Widening Gap between Rich and Poor: US cities now compare to African cities

Another “Banana Republican” sign: According to a new UN report, as reported in The Guardian, US cities such as New York, Atlanta, New Orleans, Washington, and Miami, now rank among the world’s greatest – in terms of disparity of income. We knew this gap was growing in the US. But did we know that many of our largest cities now compare to cities in Africa in terms of disparities between rich and poor? Did we realize that race was a significant factor in these disparities?

As we face the election of our first Black President, in the midst of the greatest financial crisis since the Great Depression, this UN study suggests a potential for civil unrest as well:

“High levels of inequality can lead to negative social, economic and political consequences that have a destabilising effect on societies,” said the report. “[They] create social and political fractures that can develop into social unrest and insecurity.”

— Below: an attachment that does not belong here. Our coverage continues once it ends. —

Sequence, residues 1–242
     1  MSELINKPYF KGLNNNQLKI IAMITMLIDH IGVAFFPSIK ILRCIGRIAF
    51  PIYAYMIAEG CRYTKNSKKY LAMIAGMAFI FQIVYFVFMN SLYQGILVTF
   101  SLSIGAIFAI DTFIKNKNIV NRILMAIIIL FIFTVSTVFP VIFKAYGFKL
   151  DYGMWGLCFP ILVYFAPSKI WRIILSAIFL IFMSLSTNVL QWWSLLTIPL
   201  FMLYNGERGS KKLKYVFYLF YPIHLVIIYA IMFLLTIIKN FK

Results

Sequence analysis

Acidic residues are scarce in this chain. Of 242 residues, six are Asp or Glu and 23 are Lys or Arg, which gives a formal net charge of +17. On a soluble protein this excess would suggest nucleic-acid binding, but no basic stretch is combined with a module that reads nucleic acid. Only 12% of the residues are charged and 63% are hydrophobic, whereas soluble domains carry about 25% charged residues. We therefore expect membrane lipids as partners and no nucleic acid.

It is a tragedy how far the United States has descended from our proud aspirations of social equality, particularly during the past 8 years of the bush administration. It is particularly tragic that republicans have worked so hard to foster wealth-shifting, and divisions along racial, ethnic, and religious divides in addition to wasting so much time, energy, and money on bush’s vendetta with Iraq.

“It is clear that social tension comes from inequality. The trickle down theory [that wealth starts with the rich] has not delivered. Inequality is not good for anybody,” said Anna Tibaijuka, head of UN-Habitat, in London yesterday.

We have traveled so far from our ideals in these 8 years. We have tortured. We have spied on ourselves. We have weakened our Constitutional protections. We have lived way beyond our means as a nation and created a wealthy class to rival the early years of the 20th century. But so many people have paid a terrible price in terms of life expectancy and infant mortality, in a nation which imprisons a greater percentage of our population than any other nation and spends half of the entire world’s military budget.

We have a lot of work to do. We have a lot to undo. So many great tasks lie ahead of us.

We are focused on Nov. 4.

But reducing the disparities in equality, in justice, in health care, and so many other areas lie ahead.

I’m thinking of Nov 5. And beyond.



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